Dangerously in Love (Columbia, 2003)
B'Day (Columbia, 2006)
I Am... Sasha Fierce (Columbia, 2008)
When she started out with Destiny's Child, she was Beyoncé Knowles, but by the time the girl group went on hiatus she was simply Beyoncé — a single-named female diva ready for her close-up. Over Destiny's Child's first three albums, Beyoncé grew from a powerhouse singer into an edgy creative force, pushing the act towards grimier beats and more complex vocal rhythms. Her solo debut Dangerously in Love blasts out of the gate with "Crazy in Love," a fist-pumping R&B-hop anthem built on screaming horns and a Jay-Z cameo. With help from producer Rich Harrison, Beyoncé transforms a Donna Summer sample into a slithering Middle Eastern melody on "Naughty Girl" and dancehall star Sean Paul provides an assist on the choppy "Baby Boy." But the record quickly slips into a series of bland bedroom slow jams — "Be With You" and "Me, Myself and I" — which come off like trite retreads of Seventies R&B, and Missy Elliott's dull piece of pop astrology "Signs" can't stop the bleeding. The ballads — even a duet with Luther Vandross on "The Closer I Get to You" — don't measure up to the uptempos on Dangerously in Love, and the dance tracks are in dangerously low supply.
By the time she hit the studio next for whirlwind sessions featuring a grab-bag of big-name producers from the Neptunes to Stargate, Beyoncé had received the memo. Coming off the Destiny's Child album Destiny Fulfilled and the filming of Dreamgirls (in which she plays the Diana Ross figure Deena Jones), Beyoncé is fiercer and ready for risks on B'Day. She starts by smoothly barking for "bass, hi-hat, 808, Jay" — the returning Jay-Z — on the soulfully funky opener "Déjà Vu" and transitions into the drumline bounce of the Swizz Beatz-helmed "Get Me Bodied." An air-horn siren heralds standout "Ring the Alarm," a bumpy screed directed at a cheating lover that lets Beyoncé explore anger, tenderness, regret and confusion in the space of three minutes and 23 seconds. She's less apologetic on blockbuster girl-power single "Irreplaceable," the Ne-Yo-cowritten track that shows a two-timing boyfriend the door over joyfully strummed acoustic guitars. Beyoncé closes the album with epic ballad "Listen," a song she cowrote for Dreamgirls, and she finally unfurls the true range of her magnificent voice. A deluxe reissue of the album includes a collaboration with Shakira called "Beautiful Liar" that recalls the slinky aesthetic of "Naughty Girl."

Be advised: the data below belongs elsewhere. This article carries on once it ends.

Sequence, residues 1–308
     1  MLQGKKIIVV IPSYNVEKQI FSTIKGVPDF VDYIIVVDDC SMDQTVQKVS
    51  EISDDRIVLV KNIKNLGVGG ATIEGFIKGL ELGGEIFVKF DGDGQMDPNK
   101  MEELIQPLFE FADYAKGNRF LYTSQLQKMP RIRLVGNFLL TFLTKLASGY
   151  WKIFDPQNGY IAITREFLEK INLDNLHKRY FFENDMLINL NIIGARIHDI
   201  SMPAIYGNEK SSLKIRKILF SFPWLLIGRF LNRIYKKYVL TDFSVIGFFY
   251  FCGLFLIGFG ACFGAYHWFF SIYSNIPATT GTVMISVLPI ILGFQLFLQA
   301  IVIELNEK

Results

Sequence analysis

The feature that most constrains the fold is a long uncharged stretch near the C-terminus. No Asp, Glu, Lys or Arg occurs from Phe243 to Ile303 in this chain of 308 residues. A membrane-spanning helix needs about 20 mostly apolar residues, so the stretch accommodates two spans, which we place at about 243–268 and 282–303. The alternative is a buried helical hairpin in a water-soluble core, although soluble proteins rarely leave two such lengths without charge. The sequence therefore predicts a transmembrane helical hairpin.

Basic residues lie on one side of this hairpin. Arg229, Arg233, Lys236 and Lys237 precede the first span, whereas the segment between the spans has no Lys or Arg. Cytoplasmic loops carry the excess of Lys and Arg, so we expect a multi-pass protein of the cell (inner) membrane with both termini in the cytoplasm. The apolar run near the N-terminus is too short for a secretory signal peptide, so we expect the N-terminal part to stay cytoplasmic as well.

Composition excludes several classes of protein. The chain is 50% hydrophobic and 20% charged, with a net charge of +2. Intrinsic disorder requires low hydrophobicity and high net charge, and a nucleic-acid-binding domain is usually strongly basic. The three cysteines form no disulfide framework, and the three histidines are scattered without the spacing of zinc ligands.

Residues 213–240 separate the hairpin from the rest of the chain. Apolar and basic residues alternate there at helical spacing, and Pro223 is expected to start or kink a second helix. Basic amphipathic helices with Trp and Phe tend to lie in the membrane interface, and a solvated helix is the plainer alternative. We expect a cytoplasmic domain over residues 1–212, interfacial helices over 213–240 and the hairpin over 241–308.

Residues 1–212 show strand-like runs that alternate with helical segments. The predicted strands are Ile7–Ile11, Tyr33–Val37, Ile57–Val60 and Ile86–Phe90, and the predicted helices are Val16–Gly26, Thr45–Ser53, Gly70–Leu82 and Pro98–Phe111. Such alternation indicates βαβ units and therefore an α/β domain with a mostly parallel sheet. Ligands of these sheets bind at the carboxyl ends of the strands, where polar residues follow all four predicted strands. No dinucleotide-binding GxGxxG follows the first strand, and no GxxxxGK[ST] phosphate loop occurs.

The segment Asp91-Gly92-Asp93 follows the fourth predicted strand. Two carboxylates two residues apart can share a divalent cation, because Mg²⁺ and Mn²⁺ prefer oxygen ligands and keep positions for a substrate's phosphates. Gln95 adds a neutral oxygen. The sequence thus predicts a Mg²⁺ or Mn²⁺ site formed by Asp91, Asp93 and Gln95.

Beyoncé split her third album into two parts: six songs representing Beyoncé the balladeer, and five embodying her finger-wagging onstage alter ego Sasha Fierce. Both discs of I Am … Sasha Fierce yield stellar examples of Beyoncé's maturity into one of the most innovative and reliably excellent pop icons of the decade. She twists gender roles on "If I Were a Boy," hits divine high notes on "Halo" and rescues "Broken-Hearted Girl" from sentimental schlock. On the flipside, Beyoncé celebrates the innocent pleasure of the perfect FM tune on the synth-powered "Radio" and gets into a dirty groove on the slippery "Video Phone" (Lady Gaga guests on a remixed version for the set's deluxe edition). And thanks to The-Dream and Tricky Stewart, Sasha Fierce also boasts "Single Ladies (Put a Ring on It)," a foot-stomper loaded with attitude that became a monster dance phenomenon thanks partly to Beyoncé's Bob Fosse-indebted video. Beyoncé's clever reinterpretations of the song with her all-girl touring band demonstrate she's also fiercely committed to well-rounded artistry.
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